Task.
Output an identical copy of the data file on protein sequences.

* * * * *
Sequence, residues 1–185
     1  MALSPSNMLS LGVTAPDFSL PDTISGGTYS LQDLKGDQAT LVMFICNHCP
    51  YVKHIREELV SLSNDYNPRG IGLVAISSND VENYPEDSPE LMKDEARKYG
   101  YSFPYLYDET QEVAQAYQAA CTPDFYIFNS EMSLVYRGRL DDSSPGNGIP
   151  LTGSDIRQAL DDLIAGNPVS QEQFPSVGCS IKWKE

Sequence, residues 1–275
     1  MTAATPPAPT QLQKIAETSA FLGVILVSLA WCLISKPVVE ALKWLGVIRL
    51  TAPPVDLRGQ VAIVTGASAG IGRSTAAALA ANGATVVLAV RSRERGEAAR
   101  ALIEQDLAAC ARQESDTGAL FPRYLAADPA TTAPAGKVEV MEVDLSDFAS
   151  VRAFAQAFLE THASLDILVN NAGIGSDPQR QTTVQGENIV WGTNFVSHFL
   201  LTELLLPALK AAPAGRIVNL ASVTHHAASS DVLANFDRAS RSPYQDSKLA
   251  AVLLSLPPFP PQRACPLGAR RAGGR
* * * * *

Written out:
Sequence, residues 1–185
     1  MALSPSNMLS LGVTAPDFSL PDTISGGTYS LQDLKGDQAT LVMFICNHCP
    51  YVKHIREELV SLSNDYNPRG IGLVAISSND VENYPEDSPE LMKDEARKYG
   101  YSFPYLYDET QEVAQAYQAA CTPDFYIFNS EMSLVYRGRL DDSSPGNGIP
   151  LTGSDIRQAL DDLIAGNPVS QEQFPSVGCS IKWKE

Sequence, residues 1–275
     1  MTAATPPAPT QLQKIAETSA FLGVILVSLA WCLISKPVVE ALKWLGVIRL
    51  TAPPVDLRGQ VAIVTGASAG IGRSTAAALA ANGATVVLAV RSRERGEAAR
   101  ALIEQDLAAC ARQESDTGAL FPRYLAADPA TTAPAGKVEV MEVDLSDFAS
   151  VRAFAQAFLE THASLDILVN NAGIGSDPQR QTTVQGENIV WGTNFVSHFL
   201  LTELLLPALK AAPAGRIVNL ASVTHHAASS DVLANFDRAS RSPYQDSKLA
   251  AVLLSLPPFP PQRACPLGAR RAGGR